Wednesday, January 20, 2010


Here's my little altar greeting me every morning in my office, right in front of my computer.

I've been shoveling out my office and cold-painting/sculpting studio since Sunday, and I'm almost finished. I just have to go through two boxes of stuff for the office, put it away and then I can officially call "done!"

What. A. Production. I am exhausted.

It was sorely needed though. For an entire year both of these rooms went unattended, and in a busy artist's life, well...things pile up, as you can see...

This is what would have greeted you walking into the studio. A year's worth of mayhem and the remnants of Christmas debris. It was more like picking your way through an obstacle course than walking into a studio!

A view of both my sculpting station (left) and my cold-painting station (right) before the cleaning attack. Let's just say that getting any work done was challenging.

Here's the view from the window. It was ugly. 'Nuff said.

After two days of hardcore shoveling. Phew. There's the carpet!

YES. I cleaned not only the desk tops, but I went through all my tools and cleaned them (including the encrusted airbrush, nasty palettes and grody airbrush bottles) and threw out the epoxy-smoothing brushes that were toast. Everything is ready for me to get back to serious work in there.

There's such a sense of inner "ahhhhhhh" when walking into a newly cleaned and organized studio, isn't there? It smells of promise -- potential. Of new work and new ideas.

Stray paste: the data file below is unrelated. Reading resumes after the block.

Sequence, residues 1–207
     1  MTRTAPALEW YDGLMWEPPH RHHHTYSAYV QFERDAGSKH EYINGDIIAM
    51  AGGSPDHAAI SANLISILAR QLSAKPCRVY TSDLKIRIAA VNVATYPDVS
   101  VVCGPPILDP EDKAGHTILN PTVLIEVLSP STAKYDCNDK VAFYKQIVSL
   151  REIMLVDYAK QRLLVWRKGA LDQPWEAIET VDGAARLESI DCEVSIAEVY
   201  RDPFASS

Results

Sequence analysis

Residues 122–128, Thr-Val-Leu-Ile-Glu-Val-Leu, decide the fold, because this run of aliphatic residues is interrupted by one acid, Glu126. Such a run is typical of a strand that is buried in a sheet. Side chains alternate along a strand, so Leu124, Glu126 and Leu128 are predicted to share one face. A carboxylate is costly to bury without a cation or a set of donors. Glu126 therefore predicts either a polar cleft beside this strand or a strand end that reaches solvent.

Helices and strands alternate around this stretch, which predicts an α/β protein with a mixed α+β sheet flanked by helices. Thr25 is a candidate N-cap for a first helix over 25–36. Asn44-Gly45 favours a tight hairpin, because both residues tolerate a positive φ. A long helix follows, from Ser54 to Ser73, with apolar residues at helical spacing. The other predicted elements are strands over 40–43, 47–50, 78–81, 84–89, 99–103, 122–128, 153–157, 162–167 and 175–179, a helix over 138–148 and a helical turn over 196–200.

Now I've heard it a million times that if I cleaned up a little bit each day, things wouldn't get so bad. And this is absolutely true! But it's also true than when you're buzzing on the creative energy of the moment, the thought of tidying up is loathsome. Like electricity, creativity simply jumps to the next conducting substance -- something interesting -- with no regard for consequences. Now I know I should probably have more discipline, but well...I don't think that's ever going to happen. But it's also a fitting way to greet each new year -- cleaning the slate for a new disaster area to propagate. So tonight I'll go through those boxes so I can wake up to a fresh start.

"Every morning I jump out of bed and step on a landmine. The landmine is me. After the explosion, I spent the rest of the day putting the pieces together." ~ Ray Bradbury

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